Financial Literacy 101
“Compound interest is the eighth wonder of the world. He who understands it, earns it ... he who doesn't ... pays it.”
― Albert Einstein
When we look specifically at the status of poverty-stricken Americans, the data indicates that the need for financial literacy is alarming. Many who fall into this description generally lack a working knowledge of personal money management concepts. For example, many Inner-City Americans experience the following:
Higher debt delinquencies than any other ethnic group Comparatively lower savings
A lower homeownership rate (only 45 percent own homes) A greater incidence of home foreclosure than any other ethnic group
A greater incidence of predatory lending practices
A greater incidence of higher cost auto/consumer loans
Based on data from a Federal Deposit Insurance Corporation survey, 55 percent are unbanked or underbanked (i.e., they do not have bank account or do not have the appropriate bank account) — more than any other group.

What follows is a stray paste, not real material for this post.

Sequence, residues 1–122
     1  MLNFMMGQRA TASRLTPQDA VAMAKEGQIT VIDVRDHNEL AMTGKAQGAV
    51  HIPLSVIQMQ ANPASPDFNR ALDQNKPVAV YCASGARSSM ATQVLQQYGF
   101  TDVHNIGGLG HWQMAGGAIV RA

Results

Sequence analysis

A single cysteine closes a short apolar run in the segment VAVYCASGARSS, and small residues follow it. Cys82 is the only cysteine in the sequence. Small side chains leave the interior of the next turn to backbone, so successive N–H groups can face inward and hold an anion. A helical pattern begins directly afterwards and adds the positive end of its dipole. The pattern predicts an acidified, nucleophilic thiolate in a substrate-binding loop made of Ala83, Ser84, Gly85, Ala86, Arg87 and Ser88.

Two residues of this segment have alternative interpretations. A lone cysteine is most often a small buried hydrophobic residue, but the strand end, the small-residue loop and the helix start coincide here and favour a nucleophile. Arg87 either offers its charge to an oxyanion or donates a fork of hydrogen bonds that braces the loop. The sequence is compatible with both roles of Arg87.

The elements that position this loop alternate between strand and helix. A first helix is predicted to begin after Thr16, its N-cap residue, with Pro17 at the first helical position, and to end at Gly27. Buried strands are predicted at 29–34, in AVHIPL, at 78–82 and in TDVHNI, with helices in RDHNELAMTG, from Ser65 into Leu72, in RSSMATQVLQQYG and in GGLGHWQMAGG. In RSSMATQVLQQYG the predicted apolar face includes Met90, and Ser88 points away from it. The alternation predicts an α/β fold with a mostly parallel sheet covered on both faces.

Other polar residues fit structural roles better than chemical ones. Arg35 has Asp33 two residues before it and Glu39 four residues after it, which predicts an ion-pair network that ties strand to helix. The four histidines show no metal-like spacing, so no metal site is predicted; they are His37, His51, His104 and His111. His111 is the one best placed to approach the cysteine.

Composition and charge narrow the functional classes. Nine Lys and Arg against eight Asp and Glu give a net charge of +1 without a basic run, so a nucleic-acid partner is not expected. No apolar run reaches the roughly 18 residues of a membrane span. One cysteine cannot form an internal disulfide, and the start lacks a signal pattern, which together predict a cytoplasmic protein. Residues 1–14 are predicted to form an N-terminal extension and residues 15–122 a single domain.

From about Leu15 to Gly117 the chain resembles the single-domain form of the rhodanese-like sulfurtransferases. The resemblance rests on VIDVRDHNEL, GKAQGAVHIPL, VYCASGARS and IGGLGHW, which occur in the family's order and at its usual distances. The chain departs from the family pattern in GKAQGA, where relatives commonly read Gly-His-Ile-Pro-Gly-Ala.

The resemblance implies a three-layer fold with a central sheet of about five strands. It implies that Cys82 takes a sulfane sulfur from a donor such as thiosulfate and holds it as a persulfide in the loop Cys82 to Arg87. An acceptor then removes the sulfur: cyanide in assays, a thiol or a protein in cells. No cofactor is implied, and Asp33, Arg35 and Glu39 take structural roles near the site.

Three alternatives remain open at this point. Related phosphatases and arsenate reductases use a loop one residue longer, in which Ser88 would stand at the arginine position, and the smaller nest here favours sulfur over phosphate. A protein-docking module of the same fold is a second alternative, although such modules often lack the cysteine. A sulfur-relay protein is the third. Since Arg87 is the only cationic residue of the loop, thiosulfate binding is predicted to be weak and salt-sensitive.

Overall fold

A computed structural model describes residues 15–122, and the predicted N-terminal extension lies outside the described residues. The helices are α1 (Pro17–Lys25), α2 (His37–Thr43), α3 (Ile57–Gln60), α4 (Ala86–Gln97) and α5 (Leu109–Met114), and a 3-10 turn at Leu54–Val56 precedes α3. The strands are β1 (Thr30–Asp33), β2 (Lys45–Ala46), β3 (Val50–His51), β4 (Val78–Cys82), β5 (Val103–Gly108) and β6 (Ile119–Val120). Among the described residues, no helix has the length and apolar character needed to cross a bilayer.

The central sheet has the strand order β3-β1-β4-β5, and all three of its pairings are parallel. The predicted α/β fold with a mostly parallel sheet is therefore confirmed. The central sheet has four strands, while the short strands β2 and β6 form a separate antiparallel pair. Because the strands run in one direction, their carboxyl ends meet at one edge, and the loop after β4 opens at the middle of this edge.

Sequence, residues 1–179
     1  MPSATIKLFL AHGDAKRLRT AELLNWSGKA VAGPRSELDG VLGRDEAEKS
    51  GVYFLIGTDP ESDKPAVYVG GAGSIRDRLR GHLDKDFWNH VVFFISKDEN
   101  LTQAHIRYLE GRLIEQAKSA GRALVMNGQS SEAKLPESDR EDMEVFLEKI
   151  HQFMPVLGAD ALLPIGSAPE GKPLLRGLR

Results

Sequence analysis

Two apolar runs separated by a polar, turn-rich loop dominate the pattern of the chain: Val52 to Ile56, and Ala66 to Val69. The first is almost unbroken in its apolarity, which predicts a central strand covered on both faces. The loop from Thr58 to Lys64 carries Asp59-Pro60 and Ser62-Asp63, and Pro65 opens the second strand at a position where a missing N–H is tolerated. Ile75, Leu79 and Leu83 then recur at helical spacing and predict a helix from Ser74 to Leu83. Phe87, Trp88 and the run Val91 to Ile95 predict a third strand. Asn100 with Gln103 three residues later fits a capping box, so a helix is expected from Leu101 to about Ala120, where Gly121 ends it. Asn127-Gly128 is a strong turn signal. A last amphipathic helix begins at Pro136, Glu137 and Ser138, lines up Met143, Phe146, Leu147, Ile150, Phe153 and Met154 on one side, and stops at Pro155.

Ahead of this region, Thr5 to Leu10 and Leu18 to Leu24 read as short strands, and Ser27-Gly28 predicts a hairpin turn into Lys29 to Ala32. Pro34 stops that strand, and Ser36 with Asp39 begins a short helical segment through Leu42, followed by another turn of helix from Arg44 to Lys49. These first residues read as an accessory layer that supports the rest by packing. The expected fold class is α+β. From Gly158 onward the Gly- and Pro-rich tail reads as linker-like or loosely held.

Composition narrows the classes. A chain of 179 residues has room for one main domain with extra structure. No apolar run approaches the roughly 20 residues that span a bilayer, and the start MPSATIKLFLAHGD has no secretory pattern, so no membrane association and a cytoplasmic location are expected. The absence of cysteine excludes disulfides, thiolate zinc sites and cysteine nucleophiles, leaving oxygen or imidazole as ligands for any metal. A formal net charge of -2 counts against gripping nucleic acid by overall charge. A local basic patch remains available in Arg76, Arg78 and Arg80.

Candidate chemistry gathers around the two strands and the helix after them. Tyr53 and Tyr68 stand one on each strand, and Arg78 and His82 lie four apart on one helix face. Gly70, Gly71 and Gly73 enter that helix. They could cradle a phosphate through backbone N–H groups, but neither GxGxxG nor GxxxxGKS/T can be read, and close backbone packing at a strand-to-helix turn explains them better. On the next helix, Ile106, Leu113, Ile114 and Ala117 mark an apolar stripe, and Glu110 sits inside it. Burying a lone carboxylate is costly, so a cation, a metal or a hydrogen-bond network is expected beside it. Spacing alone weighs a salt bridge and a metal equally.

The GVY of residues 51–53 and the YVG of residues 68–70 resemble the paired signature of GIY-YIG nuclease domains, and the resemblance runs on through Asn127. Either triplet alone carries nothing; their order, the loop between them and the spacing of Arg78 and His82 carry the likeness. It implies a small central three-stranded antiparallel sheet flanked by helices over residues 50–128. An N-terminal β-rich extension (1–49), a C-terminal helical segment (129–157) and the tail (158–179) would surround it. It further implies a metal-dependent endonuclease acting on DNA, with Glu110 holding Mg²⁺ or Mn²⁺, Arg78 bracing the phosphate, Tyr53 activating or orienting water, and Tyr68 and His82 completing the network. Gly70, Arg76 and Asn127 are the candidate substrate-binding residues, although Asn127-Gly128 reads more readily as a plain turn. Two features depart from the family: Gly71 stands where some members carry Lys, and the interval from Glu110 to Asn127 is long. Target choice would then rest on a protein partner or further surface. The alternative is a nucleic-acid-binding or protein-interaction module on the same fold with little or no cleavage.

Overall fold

And according to data from LendingPatterns.com, at the height of the subprime mortgage market, African-Americans had a greater share of such mortgage loans.
-This was excerpt from Theodore R. Daniels published in the Huffington Post
Financial literacy in the urban community
In an effort to combat the statistics and stereotypes listed above, as well as do my part to contribute to ending generational poverty, I put together a financial literacy course. As the theories and concepts of financial literacy are usually taught in the home this class is designed to break the cycle of bad spending habits and ill notions of the purpose of money. Instead of buying a $300 pair of Jordan’s how about we spend half of that and purchase 3 shares of Nike stock at $54/share and then purchase the sneakers with the dividends? Instead of finding ways to scam credit, how about you learn what a FICO score is, get a secured credit card and build your credit to a 720 before you leave school. How do I actually build my credit up from a card, to a car, to a condo, to a house, to an SBA Loan? These are the concepts (and much more) I’d like to explore in the Financial literacy class.